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Learning to love (or just understand) the introvert

December 28, 2014

By nature I am an introvert.

On the outside you would see that I hustle and bustle with the best of them during the long business days and programmed evenings. I have always lived in cities filled with people AND I am very happily married in a beautiful and harmonious relationship.  I am not necessarily shy (most would say I am the opposite,) nor do I have a current tendency to isolate myself from the world (although from time to time I will try.)

So what sort of an introvert am I?  Picture someone who is always thinking, spends a great deal of time in their own head formulating thoughts, patterns, fantasies and sometimes even conversation without the aid of another human being.  We can sometimes appear otherwise occupied and may feel slightly stand-offish as a result.

Knowing that let’s start with small talk.  I do it, often with an uncomfortable struggle.  It is never my intention nor desire to be rude.  I talk about the weather and the weekend, although I will admit silently wondering why people I don’t know really care what I did on my weekend?  What are they possibly going to gain from such information?  Does it really matter how I am in the big picture?  Granted, it’s a nicety, an ice-breaker that some may actually care about (which is genuine and understood by introverts.)  But what if they got something more than, “I’m fine, thanks.”  What if I were to begin talking about all the things that color in the pictures and illustrate the details.  Would it matter then?  Or is it possible their eyes would glaze over and they’d secretly hope to be called away by someone else?  Unfortunately that is what sometimes happens to the introvert if the social ceremony is extended beyond the polite.

You may think this is cynical.  Perhaps.  If so it is likely you are an extrovert.  Couldn’t it just be an alternative?  Introverts love a good deep conversation with meaning and bonding potential.  We have many, we initiate many, we learn from many.  It’s the feeling of emptiness of *some* modern niceties and chatter that we don’t find comfortable and thus necessary.  It is not about the people at all (I expect they are lovely) but just in a matter of taste, much like what we like and dislike when we eat meals. An introvert simply is not a casual conversationalist.  We’re sorry.

An introvert would like to think a smile is fine.  Smiles are valuable and set a mood around your parameter.  They are inviting and warm.  Add a simple: “Good Morning,” “Good Afternoon,” “Good Evening,” or “Hello!” and the world is just right.  We expect the ratio of introvert to extrovert is heavily weighed on the side of the latter (that statistic could be completely wrong,)  so after the “Hello” just wait a beat, someone will be by to talk about what they did on the weekend.

Just a note: an introvert isn’t mean, anti-social or unfriendly (well, not all of them.)  They just don’t find the fringes of casual conversational connections as entertaining (understanding that the point of a conversation can be subjective to those having it and only defining from the point of the introvert.)  Add some substance (also subjective) and we are potentially reeled in (no guarantees.)  But again,  light chatting is extremely appeasing to many who are not introverted as a basis or foundation of the relationships involved.  This is where it is important to distinguish the introvert from the extrovert.  Introversion is simply less initially gregarious.  It’s really all about the comfort zone.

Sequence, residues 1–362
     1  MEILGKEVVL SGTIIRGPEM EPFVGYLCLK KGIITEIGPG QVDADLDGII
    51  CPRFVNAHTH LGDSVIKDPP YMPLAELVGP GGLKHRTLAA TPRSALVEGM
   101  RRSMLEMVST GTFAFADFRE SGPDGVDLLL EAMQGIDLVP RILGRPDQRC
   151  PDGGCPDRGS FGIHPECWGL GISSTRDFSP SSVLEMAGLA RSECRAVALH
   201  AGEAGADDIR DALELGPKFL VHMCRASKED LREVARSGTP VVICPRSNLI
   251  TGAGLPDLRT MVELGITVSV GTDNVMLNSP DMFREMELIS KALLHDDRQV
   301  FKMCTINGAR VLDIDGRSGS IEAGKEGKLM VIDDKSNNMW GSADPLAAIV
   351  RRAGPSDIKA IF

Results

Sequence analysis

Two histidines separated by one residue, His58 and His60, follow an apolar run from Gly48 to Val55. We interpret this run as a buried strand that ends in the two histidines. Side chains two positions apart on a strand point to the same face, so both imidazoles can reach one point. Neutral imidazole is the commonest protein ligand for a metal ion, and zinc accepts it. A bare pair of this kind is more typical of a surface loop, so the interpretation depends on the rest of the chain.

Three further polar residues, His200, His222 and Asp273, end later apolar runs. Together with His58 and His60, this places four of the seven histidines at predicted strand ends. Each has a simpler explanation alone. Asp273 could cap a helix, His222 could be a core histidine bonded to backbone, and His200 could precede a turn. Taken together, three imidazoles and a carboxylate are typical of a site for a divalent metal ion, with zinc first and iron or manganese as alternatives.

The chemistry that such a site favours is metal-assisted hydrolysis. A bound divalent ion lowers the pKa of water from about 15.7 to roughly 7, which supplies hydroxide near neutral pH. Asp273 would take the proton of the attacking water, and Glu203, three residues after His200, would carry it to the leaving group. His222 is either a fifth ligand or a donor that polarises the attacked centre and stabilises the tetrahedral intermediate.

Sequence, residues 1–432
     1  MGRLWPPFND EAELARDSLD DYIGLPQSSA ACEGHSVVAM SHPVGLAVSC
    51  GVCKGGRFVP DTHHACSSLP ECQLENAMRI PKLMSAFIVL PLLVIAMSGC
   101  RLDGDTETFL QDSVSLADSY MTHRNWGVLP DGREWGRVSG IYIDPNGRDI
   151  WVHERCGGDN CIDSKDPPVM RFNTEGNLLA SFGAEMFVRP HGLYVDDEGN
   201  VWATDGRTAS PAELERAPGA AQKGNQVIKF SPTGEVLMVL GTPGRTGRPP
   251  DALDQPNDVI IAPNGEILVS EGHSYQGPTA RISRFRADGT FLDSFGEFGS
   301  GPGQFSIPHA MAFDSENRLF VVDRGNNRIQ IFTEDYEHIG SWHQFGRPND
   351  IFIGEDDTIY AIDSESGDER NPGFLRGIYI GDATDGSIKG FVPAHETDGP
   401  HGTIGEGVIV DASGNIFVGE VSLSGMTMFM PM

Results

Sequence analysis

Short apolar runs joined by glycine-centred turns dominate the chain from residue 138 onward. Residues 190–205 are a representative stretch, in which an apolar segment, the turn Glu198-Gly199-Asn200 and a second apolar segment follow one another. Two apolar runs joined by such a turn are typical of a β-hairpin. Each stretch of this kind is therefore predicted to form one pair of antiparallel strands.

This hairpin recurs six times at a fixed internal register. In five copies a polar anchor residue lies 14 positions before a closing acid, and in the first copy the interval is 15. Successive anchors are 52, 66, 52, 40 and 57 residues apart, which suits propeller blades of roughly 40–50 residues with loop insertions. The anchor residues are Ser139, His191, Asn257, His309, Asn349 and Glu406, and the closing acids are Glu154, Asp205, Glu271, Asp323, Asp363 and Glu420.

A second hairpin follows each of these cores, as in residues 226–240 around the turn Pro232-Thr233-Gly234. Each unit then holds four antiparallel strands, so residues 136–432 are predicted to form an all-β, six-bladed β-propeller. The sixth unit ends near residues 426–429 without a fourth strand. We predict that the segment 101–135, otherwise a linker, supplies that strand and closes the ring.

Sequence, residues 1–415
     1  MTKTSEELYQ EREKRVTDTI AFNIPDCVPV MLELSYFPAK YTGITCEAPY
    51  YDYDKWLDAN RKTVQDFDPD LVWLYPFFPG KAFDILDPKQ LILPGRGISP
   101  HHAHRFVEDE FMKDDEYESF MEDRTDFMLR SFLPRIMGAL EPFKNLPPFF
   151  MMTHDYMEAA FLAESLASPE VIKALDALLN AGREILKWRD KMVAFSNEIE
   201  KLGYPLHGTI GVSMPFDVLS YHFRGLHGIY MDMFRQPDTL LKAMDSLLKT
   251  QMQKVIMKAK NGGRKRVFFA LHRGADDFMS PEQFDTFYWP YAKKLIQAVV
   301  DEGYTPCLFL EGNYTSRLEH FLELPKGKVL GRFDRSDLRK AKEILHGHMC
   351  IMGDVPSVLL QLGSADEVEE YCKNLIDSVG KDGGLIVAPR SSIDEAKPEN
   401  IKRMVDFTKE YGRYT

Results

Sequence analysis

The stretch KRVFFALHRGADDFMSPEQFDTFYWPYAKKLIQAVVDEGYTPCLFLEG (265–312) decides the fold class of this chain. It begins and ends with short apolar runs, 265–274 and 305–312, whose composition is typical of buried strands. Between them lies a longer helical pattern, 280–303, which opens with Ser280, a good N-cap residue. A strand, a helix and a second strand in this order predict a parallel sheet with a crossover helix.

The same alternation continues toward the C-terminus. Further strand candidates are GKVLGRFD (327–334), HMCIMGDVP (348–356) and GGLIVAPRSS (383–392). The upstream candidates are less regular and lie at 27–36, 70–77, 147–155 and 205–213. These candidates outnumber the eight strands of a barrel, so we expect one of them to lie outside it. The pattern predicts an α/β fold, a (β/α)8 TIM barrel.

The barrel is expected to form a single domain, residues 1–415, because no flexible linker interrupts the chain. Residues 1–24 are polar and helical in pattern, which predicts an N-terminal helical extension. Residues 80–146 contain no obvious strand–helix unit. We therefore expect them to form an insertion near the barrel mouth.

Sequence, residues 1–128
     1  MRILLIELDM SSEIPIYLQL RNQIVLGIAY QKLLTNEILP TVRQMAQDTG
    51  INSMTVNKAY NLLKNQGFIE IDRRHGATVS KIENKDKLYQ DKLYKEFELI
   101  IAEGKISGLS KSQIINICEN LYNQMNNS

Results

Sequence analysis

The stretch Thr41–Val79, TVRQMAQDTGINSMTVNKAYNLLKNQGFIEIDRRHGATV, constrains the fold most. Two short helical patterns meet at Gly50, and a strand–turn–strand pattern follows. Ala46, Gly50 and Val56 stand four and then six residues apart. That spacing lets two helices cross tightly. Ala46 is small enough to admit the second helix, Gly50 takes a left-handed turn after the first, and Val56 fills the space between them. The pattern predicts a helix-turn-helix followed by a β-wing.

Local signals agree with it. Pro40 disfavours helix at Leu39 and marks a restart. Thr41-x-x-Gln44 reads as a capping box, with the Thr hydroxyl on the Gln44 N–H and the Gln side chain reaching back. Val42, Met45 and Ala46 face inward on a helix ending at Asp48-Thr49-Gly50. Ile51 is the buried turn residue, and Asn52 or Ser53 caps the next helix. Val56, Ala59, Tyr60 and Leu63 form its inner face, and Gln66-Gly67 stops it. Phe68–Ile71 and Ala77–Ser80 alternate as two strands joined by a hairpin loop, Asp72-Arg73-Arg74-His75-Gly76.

Anyone who knows me understands that I am always willing to talk with friends, they know me as a listener and a giving soul.  But I tend to connect on a one-on-one level by looking into your eyes and finding the meat of the discussion.  I never shy from a friendly debate or a conversation of experience and common traits.  I love to listen about things that I can learn from and I am always going to give of my time if you need to let something go.

Not always on a phone, however… as an introvert I find phones cold and impersonal.  I will keep the conversation on point and drive home the solution or necessary communication in order to hang up and move on to something else.  If an introvert is not willing to converse with you on the phone it isn’t because they don’t like you or your conversation, it only means they are not wired to shooting the breeze.

An introverted personality loves company but does not require it to eat a meal, go to a movie or take a vacation.  This is not a statement on strength or weakness, as much as a means of understanding that the extrovert potentially relies on the need for the company in order for the activity to be worthy or complete.  The introvert is also often the one with headphones on while they are doing the traveling, walking, or working.  It is a nice easy way to stay within one’s personal realm.  If you think about it this is helpful for the avoidance of casual conversation as well (see earlier, where the smile is the most appropriate of means to great and communicate in regular daily activities.)

Why the blog on introverts?  Why not.  We can be a mis-understood lot.  I thought I would introduce myself to anyone who might be reading, while at the same time assuring those who may already know me that I am not anti-social or not fond of you because I keep to myself from time to time.  I’ve probably got something going on in the over-active mind.  I am likely very deep in thought.

If that is the case:  “Hello.”  Look for the smile, it’s there.

Stop. Smile. Breathe.

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